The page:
Photographs and video released by North Korea reveal that the Hwasong-15 test fired on November 29 is not a modified version of the Hwasong-14, as initially assessed here based solely on flight data. The Hwasong-15 is considerably larger than the Hwasong-14, and initial calculations indicate the new missile could deliver a moderately-sized nuclear weapon to any city on the US mainland. The Hwasong-15 is also large and powerful enough to carry simple decoys or other countermeasures designed to challenge America’s existing national missile defense (NMD) system. A handful of additional flight tests are needed to validate the Hwasong-15’s performance and reliability, and likely establish the efficacy of a protection system needed to ensure the warhead survives the rigors of atmospheric re-entry.
The Hwasong-15 is a two-stage, liquid-fueled ICBM. Photographs of the Hwasong-15 reveal that its first stage is powered by a pair of engines that share the same external features found on the single chamber engine used by the Hwasong-14. The two-chamber configuration found on the Hwasong-15 is very similar to the original design of the RD-251 engine block developed and produced in the former Soviet Union, suggesting that the total thrust generated at lift-off is about 80-tons force. This is reasonably consistent with the estimated mass of the new missile, which is between 40 and 50 metric tons. The configuration of the second stage is not known, though its overall size suggests it contains 50 percent more propellant than the Hwasong-14. Taken together, and applying conservative assumptions about the second-stage propulsion system, it now appears that the Hwasong-15 can deliver a 1,000-kg payload to any point on the US mainland. North Korea has almost certainly developed a nuclear warhead that weighs less than 700 kg, if not one considerably lighter.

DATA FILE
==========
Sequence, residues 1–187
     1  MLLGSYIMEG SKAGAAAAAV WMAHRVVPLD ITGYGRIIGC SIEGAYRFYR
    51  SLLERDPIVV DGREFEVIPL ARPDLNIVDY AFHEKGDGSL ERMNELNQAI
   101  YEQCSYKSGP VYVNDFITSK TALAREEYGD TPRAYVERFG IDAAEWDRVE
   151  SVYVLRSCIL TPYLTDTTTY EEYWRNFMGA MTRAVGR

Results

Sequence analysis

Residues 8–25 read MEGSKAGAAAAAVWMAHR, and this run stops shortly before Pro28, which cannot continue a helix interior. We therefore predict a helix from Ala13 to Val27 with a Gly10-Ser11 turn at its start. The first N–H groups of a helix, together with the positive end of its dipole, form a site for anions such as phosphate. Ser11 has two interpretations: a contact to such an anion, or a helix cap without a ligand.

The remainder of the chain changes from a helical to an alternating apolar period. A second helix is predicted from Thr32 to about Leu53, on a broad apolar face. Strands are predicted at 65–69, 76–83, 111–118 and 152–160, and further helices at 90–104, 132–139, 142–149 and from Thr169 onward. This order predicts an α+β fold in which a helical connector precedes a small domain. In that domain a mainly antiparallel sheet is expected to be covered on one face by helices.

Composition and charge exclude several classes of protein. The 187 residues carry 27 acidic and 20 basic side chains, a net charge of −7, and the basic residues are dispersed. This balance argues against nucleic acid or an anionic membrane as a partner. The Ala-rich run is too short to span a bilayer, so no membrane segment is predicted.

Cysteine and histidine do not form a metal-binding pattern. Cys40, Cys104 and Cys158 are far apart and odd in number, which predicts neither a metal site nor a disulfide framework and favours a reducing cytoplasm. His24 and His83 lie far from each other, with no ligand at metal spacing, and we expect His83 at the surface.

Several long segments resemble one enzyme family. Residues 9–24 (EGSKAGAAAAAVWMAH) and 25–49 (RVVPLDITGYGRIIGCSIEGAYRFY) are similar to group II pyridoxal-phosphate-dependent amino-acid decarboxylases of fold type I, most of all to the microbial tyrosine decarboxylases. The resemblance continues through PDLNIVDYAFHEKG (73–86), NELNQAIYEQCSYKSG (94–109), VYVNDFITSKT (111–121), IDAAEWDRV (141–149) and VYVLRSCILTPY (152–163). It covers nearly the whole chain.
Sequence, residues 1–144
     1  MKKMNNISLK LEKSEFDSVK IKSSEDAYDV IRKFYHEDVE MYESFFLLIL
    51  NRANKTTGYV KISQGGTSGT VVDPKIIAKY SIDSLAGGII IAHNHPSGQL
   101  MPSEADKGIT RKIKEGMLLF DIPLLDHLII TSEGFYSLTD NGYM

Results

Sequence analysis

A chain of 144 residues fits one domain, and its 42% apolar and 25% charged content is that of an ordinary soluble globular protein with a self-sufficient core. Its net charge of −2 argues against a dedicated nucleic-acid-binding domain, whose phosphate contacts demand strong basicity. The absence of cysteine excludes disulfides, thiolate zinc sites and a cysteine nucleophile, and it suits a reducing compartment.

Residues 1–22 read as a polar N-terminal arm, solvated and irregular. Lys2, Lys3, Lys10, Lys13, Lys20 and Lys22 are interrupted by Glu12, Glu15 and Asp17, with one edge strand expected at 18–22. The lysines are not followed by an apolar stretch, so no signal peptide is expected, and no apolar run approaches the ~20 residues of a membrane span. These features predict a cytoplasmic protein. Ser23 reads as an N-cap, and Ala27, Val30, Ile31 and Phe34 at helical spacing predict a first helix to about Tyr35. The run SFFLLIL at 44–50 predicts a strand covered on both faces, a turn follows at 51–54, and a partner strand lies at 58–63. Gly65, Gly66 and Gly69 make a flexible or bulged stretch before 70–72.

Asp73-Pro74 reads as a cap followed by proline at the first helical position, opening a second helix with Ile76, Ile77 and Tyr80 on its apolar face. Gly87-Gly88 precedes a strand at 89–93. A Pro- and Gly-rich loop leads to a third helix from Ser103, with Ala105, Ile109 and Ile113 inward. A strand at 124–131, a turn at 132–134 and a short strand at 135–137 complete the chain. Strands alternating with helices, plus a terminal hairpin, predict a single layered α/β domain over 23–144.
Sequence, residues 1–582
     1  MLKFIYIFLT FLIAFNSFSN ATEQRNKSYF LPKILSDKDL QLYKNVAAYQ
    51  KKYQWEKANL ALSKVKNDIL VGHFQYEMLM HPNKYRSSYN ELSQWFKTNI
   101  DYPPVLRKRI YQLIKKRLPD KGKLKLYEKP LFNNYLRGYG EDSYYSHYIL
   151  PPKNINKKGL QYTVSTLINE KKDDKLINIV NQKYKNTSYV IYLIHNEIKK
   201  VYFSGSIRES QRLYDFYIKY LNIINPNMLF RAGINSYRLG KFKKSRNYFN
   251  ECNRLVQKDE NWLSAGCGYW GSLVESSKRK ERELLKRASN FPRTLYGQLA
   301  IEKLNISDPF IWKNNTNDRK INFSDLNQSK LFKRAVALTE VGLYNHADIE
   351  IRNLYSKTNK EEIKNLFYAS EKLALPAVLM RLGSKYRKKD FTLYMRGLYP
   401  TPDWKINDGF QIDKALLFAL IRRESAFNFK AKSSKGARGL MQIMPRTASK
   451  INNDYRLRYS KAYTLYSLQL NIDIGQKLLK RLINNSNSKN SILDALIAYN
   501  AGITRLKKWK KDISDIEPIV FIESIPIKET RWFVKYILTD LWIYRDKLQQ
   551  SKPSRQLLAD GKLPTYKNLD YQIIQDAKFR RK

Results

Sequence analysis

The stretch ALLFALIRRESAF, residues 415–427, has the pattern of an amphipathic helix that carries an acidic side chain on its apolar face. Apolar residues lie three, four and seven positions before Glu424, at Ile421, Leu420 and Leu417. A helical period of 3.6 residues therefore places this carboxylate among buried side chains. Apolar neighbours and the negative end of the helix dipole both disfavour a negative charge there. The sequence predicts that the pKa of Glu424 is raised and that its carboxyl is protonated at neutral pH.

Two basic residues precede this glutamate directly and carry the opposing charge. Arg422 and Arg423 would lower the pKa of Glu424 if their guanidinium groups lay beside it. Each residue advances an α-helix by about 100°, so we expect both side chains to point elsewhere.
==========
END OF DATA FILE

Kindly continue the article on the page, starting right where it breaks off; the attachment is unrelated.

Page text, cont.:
The missile also features a new steering mechanism that is more efficient and simpler than the methods used in North Korea’s other missiles. North Korea’s older, Scud-based missiles employed jet vanes for steering during the boost phase. The Hwasong-12 and -14 used four small engines mounted in parallel to the main thrust chamber for missile control during first stage operations. North Korean engineers have mounted each of the main engines of the Hwasong-15 on a slotted gimbal that allows each to be reoriented in one dimension to control the direction of the exhaust gases to provide control.
Little is known about the construction of the second stage. Most likely it is powered by four small engines derived from the Soviet R-27 missile. Such an arrangement would mean the upper-stage is underpowered, when compared to ICBMs fielded by other nations, but it would not prevent the Hwasong-14 from being used to threaten the entire US. Less likely, but possible, North Korea has obtained a new engine for use on the second-stage. Its inclusion in the design would enhance the Hwasong-15’s capabilities.
The Hwasong-15 also incorporates other important qualitative improvements. It could be fitted with a post-boost control system to make final adjustments to the payload’s velocity and position in space, a measure that could substantially improve the missile’s precision. It is also possible that the missile has been designed to carry simple decoys, or other countermeasures, to confuse the US missile defense system. The missile has the throw-weight capacity to carry the countermeasures along with the warhead, but it is far from certain these were included in this most recent flight test.
The appearance of the Hwasong-15 marks a significant improvement in North Korea’s ability to target the US. How many more tests North Korea will undertake depends on the regime’s perceived needs. At least one or two more tests on a standard trajectory are needed to validate its performance as a ballistic missile. Additional flight tests should be performed to determine the missile’s reliability, establish its accuracy and verify the re-entry protection system. However, if low confidence in the missile’s reliability is acceptable, two or three test firings over the next four to six months may be all that is required before Kim Jong Un declares the Hwasong-15 combat ready.